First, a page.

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Ray Harryhausen Interview

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By Scott Essman
How does one write an introduction to an interview with the person who is arguably the finest below-the-line cinema craftsman ever? Stop-motion animator and filmmaker Ray Harryhausen’s achievements and influence are incalculable. Numerous giants in the world of cinema have cited his work, especially in The Seventh Voyage of Sinbad (1958), as the inspiration for their career in films.
Harryhausen has provided a detailed overview of his career in the new book An Animated Life, co-written by Tony Dalton. Now 84, Harryhausen retired in 1980 and lives in England. He still makes journeys to his hometown of Los Angeles to meet with friends, colleagues and protégés. On a recent book tour, he took time out to reflect on the book, his pioneering career, and the future of animation in film.

Below the Line: How proud are you of your book?
Ray Harryhausen: Well, I’m delighted with it. Billboard Books in England published it and did a beautiful job of it. Co-author Tony Dalton and I are very proud of it. It’s gotten wonderful reviews.
BTL: Have you ever stopped to think about how many fans you have, and how many people were influenced by your work, and maybe even indirectly by the work of people who followed your work, such as Phil Tippett, Jim Danforth and Dave Allen?
Harryhausen: When we made the pictures, of course, it wouldn’t cross one’s mind. But I’m so grateful that we’ve left a positive influence. Charles Schneer and I tried to make our pictures understandable. We always got the best composers. Music is so important. I learned that from watching King Kong. And we had wonderful composers score our films because they’re a visual type of thing. We try to keep a minimum of dialogue. Sometimes we’re criticized for that. But you don’t want a complicated story for a fantasy film. And music’s so important when you have striking visual images, which we tried to create on the screen. We had Bernard Hermann score four of our films. And the last, Clash of the Titans, was done by Laurence Rosenthal. Both marvelous composers who have great imagination and a feel for fantasy.
BTL: When you think about the impact of the work of Willis O’Brien [King Kong chief technician] on your work, do you think you wouldn’t have done what you ended up doing without him? Or do you think you might have gravitated toward stop-motion anyway?
Harryhausen: Oh, that’s all speculation. I say sometimes that if the 1976 version [of King Kong] had come out in 1933, I probably would have become a plumber or something. But my mother wanted me to become a commercial artist. I don’t know… somehow it gelled. I think the fickle finger of fate had something to do with it. Because of little signposts here and there, I felt a compulsion to do certain things. But I felt a compulsion to study camerawork. When I entered the Army I thought I wanted to be a combat cameraman. I didn’t realize they were shot like clay pigeons, so I’m glad I didn’t. But I made a little film, four minutes long, called How to Build a Bridge. And my teacher showed it to the Eastman Kodak company, [and] he showed it to Frank Capra, and I got transferred into the Special Service Division. I worked with Ted Geisel on cartoons and made models and several covers for Yank magazine. So it was a great experience that I got to do something during the war that I was able to do, rather than just carry a gun.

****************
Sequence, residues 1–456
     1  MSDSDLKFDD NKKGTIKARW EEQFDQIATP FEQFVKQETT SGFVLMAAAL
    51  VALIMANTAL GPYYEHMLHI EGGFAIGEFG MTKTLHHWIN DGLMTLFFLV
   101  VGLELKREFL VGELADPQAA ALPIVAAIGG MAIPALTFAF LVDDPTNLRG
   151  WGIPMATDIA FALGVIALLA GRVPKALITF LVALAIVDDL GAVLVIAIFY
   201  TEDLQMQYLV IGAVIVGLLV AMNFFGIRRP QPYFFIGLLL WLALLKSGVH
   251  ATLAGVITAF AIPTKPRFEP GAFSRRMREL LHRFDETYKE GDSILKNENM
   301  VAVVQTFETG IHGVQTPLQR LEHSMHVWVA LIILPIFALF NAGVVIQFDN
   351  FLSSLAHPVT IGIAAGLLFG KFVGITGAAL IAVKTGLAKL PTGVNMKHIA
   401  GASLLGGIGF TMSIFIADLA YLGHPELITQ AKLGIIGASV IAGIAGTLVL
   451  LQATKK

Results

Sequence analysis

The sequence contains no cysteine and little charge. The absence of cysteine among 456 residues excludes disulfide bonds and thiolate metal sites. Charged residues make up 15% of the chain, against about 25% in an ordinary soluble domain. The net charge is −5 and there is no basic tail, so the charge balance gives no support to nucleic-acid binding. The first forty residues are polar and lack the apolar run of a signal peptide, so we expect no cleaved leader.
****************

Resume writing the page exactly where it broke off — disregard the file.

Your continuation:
BTL: In the black-and-white films of the ’50s, It Came from Outer Space and 20,000,000 Miles to Earth, it seemed like you were creating your own distinct style, especially with the Ymir character. Do you think those characters were different from any that had come before it?
Harryhausen: Well, I don’t analyze it in that way, I leave it to other people. You can analyze it—there was a book called Girl in the Hairy Paw, which tried to portray King Kong in many psychological different phases. I think a film is like an inkblot. It tells you more about the person who’s watching it than it does about the film itself. Merian Cooper always says that he just set out to make a damn good piece of entertainment. And that’s what we set out: to entertain the public in a positive way. And I’m grateful that we have. At signings a family of three generations will come up and say that our films made their childhood.
BTL: Do you have a favorite character?
Harryhausen: The others get jealous if I have a favorite character. I like the complicated ones. I like the Hydra, the seven skeletons fighting scene. They’re a challenge. I like Medusa. That’s one of the highlights. I still find a soft spot in my heart for the first scenes I did in Mighty Joe Young of Joe pushing over the lions’ cage. I think that’s one of the highlights of my career.

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